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Banking On Wetlands

  • Linda Platts
  • In Broward County, Florida, rapid development and shrinking wetlands presented an unusual business opportunity for Lew Lautin, chief executive officer of Florida Wetlandsbank. By transforming a weed-choked, garbage-strewn tract near Pembroke Pines into a pristine wetland, he created a product that was in high demand by local developers.

    Wetland regulations require developers to compensate for wetlands that they destroy. Lautin leaped to fill the void. He leased the 450-acre site from the city, cleaned it, lowered the ground level to allow water flow, and added more than a million new trees and plants.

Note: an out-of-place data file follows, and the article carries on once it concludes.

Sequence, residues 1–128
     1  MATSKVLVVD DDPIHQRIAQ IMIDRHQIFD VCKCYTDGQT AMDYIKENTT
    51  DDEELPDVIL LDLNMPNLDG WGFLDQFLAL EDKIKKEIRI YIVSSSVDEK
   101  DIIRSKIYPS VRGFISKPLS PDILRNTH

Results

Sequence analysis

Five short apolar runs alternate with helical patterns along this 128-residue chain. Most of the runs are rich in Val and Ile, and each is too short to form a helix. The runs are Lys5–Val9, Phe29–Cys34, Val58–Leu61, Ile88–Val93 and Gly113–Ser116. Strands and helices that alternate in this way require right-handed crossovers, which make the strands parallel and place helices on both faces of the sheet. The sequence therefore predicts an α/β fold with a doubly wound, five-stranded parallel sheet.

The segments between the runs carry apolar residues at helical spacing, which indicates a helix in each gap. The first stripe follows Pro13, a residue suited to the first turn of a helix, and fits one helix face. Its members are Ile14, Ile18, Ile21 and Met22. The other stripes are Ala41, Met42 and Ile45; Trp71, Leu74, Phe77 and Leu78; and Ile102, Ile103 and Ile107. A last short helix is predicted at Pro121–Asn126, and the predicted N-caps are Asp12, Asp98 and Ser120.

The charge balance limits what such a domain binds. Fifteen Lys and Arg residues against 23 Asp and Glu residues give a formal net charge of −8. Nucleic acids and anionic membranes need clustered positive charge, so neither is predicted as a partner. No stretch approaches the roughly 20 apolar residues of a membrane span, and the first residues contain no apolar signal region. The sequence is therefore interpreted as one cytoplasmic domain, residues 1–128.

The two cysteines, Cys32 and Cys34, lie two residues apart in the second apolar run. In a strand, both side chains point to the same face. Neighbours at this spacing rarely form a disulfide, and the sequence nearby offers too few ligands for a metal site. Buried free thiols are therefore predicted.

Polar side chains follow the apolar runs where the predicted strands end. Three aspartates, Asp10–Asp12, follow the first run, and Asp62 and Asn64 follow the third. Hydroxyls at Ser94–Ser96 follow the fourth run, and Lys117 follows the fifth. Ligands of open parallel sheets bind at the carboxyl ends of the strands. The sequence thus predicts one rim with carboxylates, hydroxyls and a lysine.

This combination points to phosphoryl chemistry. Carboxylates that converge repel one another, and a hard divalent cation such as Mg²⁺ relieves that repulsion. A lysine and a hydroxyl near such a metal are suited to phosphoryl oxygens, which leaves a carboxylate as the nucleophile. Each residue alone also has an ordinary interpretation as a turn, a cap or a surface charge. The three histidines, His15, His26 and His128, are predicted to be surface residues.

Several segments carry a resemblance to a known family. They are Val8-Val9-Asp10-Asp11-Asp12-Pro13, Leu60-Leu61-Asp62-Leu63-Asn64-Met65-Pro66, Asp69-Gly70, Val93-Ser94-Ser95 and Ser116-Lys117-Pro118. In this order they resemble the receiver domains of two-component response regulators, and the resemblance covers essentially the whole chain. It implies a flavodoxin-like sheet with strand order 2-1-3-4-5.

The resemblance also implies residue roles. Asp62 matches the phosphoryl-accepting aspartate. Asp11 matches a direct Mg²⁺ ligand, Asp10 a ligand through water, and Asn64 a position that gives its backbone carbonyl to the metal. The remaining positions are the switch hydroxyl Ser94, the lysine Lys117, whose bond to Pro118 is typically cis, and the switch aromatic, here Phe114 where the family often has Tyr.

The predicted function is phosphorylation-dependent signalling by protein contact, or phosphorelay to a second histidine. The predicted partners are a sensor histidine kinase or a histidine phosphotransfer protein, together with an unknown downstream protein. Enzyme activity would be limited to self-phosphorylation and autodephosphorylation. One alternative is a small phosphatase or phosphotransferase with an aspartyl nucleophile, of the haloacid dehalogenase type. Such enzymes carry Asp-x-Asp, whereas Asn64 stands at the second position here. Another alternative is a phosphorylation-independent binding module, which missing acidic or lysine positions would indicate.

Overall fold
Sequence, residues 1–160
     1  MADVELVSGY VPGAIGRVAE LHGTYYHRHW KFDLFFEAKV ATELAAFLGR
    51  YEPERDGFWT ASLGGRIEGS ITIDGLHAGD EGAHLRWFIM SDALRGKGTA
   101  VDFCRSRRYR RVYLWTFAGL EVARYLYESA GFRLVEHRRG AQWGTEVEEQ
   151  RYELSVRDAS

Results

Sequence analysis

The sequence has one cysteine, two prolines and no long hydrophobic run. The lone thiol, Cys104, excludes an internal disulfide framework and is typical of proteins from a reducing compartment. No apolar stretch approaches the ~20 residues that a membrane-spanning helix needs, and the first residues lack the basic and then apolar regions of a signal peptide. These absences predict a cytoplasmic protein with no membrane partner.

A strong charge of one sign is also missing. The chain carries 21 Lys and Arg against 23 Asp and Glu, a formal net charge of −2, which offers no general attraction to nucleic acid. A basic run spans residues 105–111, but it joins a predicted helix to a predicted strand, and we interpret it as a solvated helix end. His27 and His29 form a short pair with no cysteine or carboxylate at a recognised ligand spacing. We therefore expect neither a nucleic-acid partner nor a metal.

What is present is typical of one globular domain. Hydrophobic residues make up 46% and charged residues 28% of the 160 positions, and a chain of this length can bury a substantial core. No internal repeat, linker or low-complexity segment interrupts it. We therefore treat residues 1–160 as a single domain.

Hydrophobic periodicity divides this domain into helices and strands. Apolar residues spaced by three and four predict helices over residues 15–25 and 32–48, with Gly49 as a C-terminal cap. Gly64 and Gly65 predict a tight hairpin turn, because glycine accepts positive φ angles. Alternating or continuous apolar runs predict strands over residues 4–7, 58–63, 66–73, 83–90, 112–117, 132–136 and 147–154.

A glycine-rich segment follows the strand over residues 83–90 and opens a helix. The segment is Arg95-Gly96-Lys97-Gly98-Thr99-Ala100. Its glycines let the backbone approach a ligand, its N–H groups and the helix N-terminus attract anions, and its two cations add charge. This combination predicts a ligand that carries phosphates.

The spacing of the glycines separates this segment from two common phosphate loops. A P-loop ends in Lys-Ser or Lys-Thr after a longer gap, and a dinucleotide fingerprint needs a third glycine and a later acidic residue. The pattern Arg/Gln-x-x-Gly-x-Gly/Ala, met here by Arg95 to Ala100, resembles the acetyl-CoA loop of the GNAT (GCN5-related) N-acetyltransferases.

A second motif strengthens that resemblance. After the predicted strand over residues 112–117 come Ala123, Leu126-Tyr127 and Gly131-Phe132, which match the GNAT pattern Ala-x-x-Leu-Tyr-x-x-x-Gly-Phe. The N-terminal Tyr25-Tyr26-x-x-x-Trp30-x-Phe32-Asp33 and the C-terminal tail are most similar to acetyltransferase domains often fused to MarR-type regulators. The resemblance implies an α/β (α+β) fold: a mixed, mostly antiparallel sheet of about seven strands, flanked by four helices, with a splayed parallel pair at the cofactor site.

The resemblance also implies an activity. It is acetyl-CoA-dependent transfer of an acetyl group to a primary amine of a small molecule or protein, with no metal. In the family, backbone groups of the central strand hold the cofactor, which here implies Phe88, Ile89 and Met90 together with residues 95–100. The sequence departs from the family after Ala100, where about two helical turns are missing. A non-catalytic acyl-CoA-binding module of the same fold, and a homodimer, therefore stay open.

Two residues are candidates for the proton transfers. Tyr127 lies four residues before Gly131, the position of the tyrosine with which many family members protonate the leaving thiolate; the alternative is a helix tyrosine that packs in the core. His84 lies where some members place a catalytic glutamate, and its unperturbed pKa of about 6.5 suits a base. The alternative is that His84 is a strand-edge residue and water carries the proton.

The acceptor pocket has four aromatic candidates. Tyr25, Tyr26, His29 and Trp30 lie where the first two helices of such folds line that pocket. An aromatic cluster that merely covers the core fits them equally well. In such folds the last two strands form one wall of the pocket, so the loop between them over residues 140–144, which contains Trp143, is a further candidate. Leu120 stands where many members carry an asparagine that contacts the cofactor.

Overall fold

By now the pickerel weed, sawgrass, and bulrushes are flourishing; oak, slash pine, and bald cypress are taking hold; and wildlife has returned. The Florida Audubon Society has counted 108 varieties of birds on the property. Furthermore, the wetland is also cleaning up the water supply before it seeps into the aquifer.

    Without doubt, the project was an expensive one. Just the permits and licensing fees came to $4.5 million, with another half million for a trust fund to cover maintenance. On the other hand, developers snapped up the credits to Lautin’s wetland which sold for as much as $60,000 an acre. The credits also allowed them to avoid a complex permitting process.

    The lack of suitable land in Broward County for additional wetland development has forced Lautin to move elsewhere, but he sees no end to the demand as long as mitigation is required. Near Naples, Florida, he is transforming 2,775 acres into new wetlands.

    Fort Lauderdale Sun-Sentinel

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